By Stephen Blaxhall
And next... Another wonderful celebration in Chinese New Year, on January 28th, 2017. Also known as the Spring Festival, it is based on the lunisolar calendar and the phase of the moon.
Chinese New Year is a festival of eating. One of the most popular dishes, for the Chinese of Singapore and Malaysia, is the multi-coloured and viscerally impressive Yusheng, or raw fish salad.
Yusheng (鱼生), originally thought to have originated in China’s southern Guangdong region, not only translates into “raw fish", but when pronounced in Mandarin, also sounds like, an increase in abundance (余升). And in Guangdong, where the local dialect is Cantonese, the term of lo hei (捞起) is used, which also sounds like rising abundance.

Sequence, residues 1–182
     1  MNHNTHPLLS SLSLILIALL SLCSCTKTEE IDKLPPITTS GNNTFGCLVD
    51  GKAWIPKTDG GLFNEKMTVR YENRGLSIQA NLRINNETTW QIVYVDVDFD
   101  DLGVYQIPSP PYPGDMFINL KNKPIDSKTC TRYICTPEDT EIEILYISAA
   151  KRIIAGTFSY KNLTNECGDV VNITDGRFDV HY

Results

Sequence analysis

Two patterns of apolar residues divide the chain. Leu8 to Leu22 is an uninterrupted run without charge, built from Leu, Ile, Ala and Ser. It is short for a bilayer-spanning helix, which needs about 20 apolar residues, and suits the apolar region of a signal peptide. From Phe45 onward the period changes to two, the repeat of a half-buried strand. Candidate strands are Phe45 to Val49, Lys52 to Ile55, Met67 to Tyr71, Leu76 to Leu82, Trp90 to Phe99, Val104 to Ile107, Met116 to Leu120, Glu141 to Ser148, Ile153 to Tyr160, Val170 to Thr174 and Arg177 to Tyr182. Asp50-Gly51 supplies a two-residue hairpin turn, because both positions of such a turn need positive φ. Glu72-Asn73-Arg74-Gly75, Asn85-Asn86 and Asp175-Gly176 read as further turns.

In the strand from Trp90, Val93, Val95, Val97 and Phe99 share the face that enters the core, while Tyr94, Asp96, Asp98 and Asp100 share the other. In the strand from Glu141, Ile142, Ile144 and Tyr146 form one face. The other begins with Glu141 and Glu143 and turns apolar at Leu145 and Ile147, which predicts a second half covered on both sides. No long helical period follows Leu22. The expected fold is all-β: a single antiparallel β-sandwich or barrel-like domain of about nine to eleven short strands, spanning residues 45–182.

Auspicious wishes are said out loud when the ingredients, usually fish and raw vegetables, and condiments, such as plum sauce and sesame oil, are added into the base. The salad is then vigorously tossed by those participating in the meal, in the hope of bringing about ample abundance, prosperity, and good fortune in the year ahead.
Yusheng is usually only found during the Chinese New Year period, and is traditionally served on ren ri, the seventh day of New Year. The dish can be found in almost every Chinese restaurant and coffee shop on the Malaya peninsular.
A quick Yusheng recipe: Mix raw fish (salmon is a good choice) with radish, carrots, cucumber, capsicum, pickled ginger, parsley & chopped nuts. Dress with plum sauce and lemon juice, water and sesame oil.
Why does Chinese New Year move around?